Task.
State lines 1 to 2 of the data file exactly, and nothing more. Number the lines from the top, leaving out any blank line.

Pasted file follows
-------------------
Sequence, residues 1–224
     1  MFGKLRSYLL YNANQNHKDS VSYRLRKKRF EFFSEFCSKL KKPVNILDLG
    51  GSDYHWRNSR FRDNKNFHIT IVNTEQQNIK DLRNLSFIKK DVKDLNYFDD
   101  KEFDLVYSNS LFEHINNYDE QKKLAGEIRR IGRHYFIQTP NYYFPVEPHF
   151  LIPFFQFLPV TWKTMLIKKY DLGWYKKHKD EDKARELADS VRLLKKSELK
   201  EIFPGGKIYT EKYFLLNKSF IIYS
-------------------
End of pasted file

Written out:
Sequence, residues 1–224
     1  MFGKLRSYLL YNANQNHKDS VSYRLRKKRF EFFSEFCSKL KKPVNILDLG